This Can't Last Much Longer, Can It?

Posted by George Hamlin
on Tuesday, October 18, 2022

As of June 13, 1970, this was now Penn Central territory, as can be seen from the black E8 with the PC logo on Empire Service train 75 heading west along the Hudson River (which is just out of the photo to the left) at Manitou, New York.  For many of us that experienced happier times prior to both the institution of Empire Service in December 1967, and the formation of the Penn Central in February 1968, this location will live on in our hearts and minds as New York Central territory; the ex-NYC sign designating this location atop the modest shelter is a strong reminder of its heritage; I suspect our British friends would term this a “country halt”. 

For that matter, the equipment pictured here is all former NYC: E8 4057 and a pair of Pullman-Standard, stainless-clad 3000 series coaches, with the rear one, now lettered for the PC, converted to a snack-bar coach.  Ahead of the train and indicating “clear” for train 75 is a classic NYC “small targets” signal mast; under it, almost certainly, are jointed sections of 127 pounds per yard “Dudley” rail.  Looking at the margins of the ballast it appears that cinders are in place to keep foliage at bay; were these obtained locally, from passing Hudsons, Mohawks and Niagaras “back in the day”, or brought in from elsewhere?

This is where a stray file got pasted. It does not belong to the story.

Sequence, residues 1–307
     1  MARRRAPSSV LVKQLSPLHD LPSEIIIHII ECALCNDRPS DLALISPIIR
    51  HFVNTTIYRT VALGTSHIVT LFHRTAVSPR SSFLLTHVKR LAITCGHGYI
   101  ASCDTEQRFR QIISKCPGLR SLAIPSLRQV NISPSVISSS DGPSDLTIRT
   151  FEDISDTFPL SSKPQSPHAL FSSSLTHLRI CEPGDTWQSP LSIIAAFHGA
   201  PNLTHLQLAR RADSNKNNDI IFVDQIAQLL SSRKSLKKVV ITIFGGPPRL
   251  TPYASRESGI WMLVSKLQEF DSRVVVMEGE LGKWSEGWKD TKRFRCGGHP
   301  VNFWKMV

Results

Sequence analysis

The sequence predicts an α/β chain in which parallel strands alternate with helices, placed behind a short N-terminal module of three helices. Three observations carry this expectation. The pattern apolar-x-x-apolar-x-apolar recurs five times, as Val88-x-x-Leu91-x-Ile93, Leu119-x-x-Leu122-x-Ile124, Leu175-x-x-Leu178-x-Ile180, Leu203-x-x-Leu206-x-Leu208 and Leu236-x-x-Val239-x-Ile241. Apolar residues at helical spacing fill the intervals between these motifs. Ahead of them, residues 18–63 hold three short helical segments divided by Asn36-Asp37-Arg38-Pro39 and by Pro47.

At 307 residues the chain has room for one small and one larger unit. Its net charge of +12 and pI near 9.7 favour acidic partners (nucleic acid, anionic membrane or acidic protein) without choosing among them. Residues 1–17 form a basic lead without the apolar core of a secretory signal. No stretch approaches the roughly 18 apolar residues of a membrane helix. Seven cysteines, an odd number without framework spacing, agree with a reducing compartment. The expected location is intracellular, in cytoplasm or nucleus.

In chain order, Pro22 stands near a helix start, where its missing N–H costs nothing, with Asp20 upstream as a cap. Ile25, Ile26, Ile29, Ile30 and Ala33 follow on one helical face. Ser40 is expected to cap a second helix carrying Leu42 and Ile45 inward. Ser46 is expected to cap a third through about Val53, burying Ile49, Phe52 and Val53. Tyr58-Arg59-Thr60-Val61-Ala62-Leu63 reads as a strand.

Manitou is just north of the Bear Mountain Bridge, and is located on the railroad between Peekskill to the south, and Garrison to the north.  Empire Service trains (or their New York Central long-haul predecessors) didn’t deign to stop in Manitou, and the Hudson Line commuter service of the early 1970s provided a few rush-hour services (inbound in the morning, back out in the afternoon/early evening) to and from Grand Central Terminal in New York City.

A glance at a satellite image of the area reveals that the “community” of Manitou consists of less than twenty dwellings in a row on the east bank of the Hudson, adjacent to the station, with a few others at higher elevations in the “inland” direction.  Manhattan residences have often touted their “river view”, if available; Manitou wins this contest handily, since virtually all of them likely can see the river, unless foliage intervenes, and the properties near the station feature river frontage.  A weary commuter returning in the evening could walk home and be aboard their boat, if so inclined and equipped, in mere minutes after alighting from the train.

Currently, the weekday service pattern is down to a single round-trip.  However, weekend service has blossomed: there are multiple trips in the morning and early afternoon outbound from Manhattan, followed by an array of southbounds from the afternoon into the early evening. 

So what’s going on in Manitou to make this happen?  Nothing!  However, recreational use of the Hudson Highlands for pastimes including hiking and biking has increased in recent years, and urban dwellers can now avail themselves of Metro-North to get to the attractions of Bear Mountain State Park via Manitou; no automobile needed. (A similar situation exists at Breakneck Ridge, north of Cold Spring, and across the river from Storm King Mountain.)

Getting from the train to the park involves gaining about 175 feet of elevation getting up to New York state route 9D, which leads to the bridge.  An ambitious urban-outdoorsperson could go on to attain the summit of Bear Mountain, roughly 1300 feet.  The good news: the upward trek takes place relatively early in the day, while the return is essentially all downhill.  (I suspect that visiting railfans won’t get beyond the vicinity of the bridge, however.)

 (Photo by George W. Hamlin)

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